Mastery of the elements and micro have come together.
Of all the game publishing companies I have been buying from, Paradox Interactive has really been an interesting one to follow. If ever a publisher could be considered a friend of the "indie" community, I think it might be them. From picking up Tale Worlds' - Mount & Blade to Fatshark's - Lead and Gold to so many other titles from greatly talented groups of developers who in today's market may have otherwise been left out. I should say that I am truly impressed. and having added Arrowhead Game Studios and their fantastic little piece of chaos, Magicka, is yet another moment in the history of Paradox Interactive that has allowed me to keep my faith in their brand.
A Ridiculous Tale of Ridiculousness
Much respect for a game that can present itself as a mess of nerd references with insanely in-depth combat and still not take itself all that seriously. There is almost an odd sense of feeling refreshed when playing Magicka. I don't walk into it with a competitive mind set. I don't have the loot-whore mind set. I just play it to mess some bitches up and watch kings and goblins reference the most nerd-arific movies and games of all time.
The story itself is that proper blend of thought out nonsense that I respond to. A classic tale of ancient evil, kings defending their people against the darkness hammering at the doors to their kingdom. Knights, goblins, orcs, mages, vampires (or somebody who certainly isn't a vampire). All these things swirling around in a world that makes all of no real definitive sense, but for some reason I understand it.
Chaos at My Fingertips
At the core of everything mechanical on the PC, its all about micro. Part of this relies on the player taking part in the game, but how it is presented all comes down to the developers. Decisions made create the base for how "comfortable" the game is to play. From moment one, Magicka fit like a glove. Everything seemed right. The isometric angle of the game was handled well, but that is just the base of it. The meat of Magicka stems from the casting set up. This is where the blending of skill and chaos show through so well.
Q W E R A S D F. These keys blended with left click, right click, middle mouse, shift, and space bar create every spell and spell-use in the game. When confronted with waves of enemies, your wits need to be quick and your hands that much faster in order to survive, and I really like that. To know that QR QR QR QR S right click creates a spray of arcane infused ice shards is one thing, but to rapidly type this in while being chased and shot at is not as easy of a task as one would think. And even in a meta-game sense there is even more to think about in fast succession. Do I cast rain to make everyone wet? If so I need to dispel it and dry myself off because it will be best to cast a massive arc lightning since that will cause the most damage. If I need more time I could always through some ice in afterwards with some earth and flash freeze the wet monsters to get some distance. This is only one of so many situational tactics I have used to decide how to control the flow of combat in a hectic skirmish. Its like rapid action, life and death puzzle solving. I couldn't have asked for anything more, but Arrowhead Game Studios gave me more anyway.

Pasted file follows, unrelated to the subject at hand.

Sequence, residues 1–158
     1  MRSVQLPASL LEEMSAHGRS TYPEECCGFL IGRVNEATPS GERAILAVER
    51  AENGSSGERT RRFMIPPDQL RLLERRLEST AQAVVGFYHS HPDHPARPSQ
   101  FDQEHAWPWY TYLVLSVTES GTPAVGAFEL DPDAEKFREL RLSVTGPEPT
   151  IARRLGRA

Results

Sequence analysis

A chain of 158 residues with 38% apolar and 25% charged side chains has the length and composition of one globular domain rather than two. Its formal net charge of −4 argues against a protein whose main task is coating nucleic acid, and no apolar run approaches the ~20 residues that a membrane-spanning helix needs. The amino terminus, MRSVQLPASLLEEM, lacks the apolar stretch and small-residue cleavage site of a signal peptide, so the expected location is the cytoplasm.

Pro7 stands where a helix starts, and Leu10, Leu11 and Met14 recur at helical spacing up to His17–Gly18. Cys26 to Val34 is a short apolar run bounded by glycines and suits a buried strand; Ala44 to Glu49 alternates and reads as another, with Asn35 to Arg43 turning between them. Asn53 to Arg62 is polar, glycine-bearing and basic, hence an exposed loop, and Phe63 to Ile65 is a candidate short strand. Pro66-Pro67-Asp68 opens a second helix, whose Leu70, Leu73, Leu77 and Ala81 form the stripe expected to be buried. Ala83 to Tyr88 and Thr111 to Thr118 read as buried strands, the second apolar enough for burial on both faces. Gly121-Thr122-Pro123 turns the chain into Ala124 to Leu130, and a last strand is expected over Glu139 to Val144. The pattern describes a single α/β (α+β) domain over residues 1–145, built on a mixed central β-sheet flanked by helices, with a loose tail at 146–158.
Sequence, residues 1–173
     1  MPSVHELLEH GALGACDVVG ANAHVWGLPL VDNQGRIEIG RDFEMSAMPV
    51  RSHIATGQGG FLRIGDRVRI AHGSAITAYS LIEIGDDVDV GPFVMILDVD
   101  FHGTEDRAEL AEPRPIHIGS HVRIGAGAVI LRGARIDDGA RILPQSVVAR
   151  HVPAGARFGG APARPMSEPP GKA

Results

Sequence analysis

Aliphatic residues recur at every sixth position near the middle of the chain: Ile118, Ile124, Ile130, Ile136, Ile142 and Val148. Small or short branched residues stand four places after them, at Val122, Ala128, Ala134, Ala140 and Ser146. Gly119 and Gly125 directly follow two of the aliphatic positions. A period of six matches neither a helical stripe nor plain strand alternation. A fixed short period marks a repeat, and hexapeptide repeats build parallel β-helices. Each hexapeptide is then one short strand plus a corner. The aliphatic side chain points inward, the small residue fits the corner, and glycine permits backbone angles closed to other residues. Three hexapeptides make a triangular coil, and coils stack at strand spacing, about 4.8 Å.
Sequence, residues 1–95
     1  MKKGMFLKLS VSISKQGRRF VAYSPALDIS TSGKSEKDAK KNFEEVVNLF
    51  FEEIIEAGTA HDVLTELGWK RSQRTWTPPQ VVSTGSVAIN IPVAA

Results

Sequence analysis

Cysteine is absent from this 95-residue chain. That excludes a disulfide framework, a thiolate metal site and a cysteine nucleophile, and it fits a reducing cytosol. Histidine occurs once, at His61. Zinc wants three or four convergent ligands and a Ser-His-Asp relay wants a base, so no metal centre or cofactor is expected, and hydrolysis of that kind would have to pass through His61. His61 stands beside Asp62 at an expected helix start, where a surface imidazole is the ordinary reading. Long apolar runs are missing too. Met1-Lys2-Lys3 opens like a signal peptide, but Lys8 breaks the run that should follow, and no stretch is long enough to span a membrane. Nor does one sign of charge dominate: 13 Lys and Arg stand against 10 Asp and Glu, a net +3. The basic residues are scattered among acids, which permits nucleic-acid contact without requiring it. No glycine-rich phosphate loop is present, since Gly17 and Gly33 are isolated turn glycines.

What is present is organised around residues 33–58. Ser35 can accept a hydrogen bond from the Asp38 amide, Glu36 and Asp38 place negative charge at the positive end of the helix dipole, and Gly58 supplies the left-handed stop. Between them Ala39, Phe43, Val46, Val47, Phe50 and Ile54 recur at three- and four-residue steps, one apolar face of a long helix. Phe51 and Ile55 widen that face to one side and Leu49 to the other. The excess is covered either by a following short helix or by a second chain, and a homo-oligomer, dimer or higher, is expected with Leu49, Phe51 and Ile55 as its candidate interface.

Never Forget the Gamers You Work For
Had Arrowhead Game Studios decided to stop at good core-mechanics I would have been pretty happy. Maybe that is just how I am in a world where so many games get the idea of core mechanics in lieu of gimmicks wrong so often. Magicka certainly goes that extra mile to ground the great gameplay with an equally great experience.
The absurdity of the Magicka is set to a constant reminder to have fun, from the first moment when you are being told by your teacher Vlad that he is most certainly not a vampire to when you arrive at your going away party to watch other be-robed individuals playing techno beats on their lutes to every subsequent moment in Magicka. It is never once lost on me that I'm there to have fun. Loads of fun. Why should fun not be the goal of a game? In the slew of post apocalyptic, super-American-soldier bromances in the market today, its great to be reminded that you can play a game that allows you to break the tension up by random casting "crash to desktop" and watching an NPC or even a player character blue screen themselves to death.
So Many Ways to Kill So Many Things
Magicka, as an IP, stands out in my mind. And after recently delving into the eastern European gaming market's news and what-not, I have found that this seems to be only the beginning. With so many new studios forming and so many new titles and ideas being hinted at, it is becoming more apparent that games like these might be what we need to revitalize the dull existence that is today's gaming. I can't wait to see future releases from Arrowhead Game Studios and Paradox Interactive as a whole.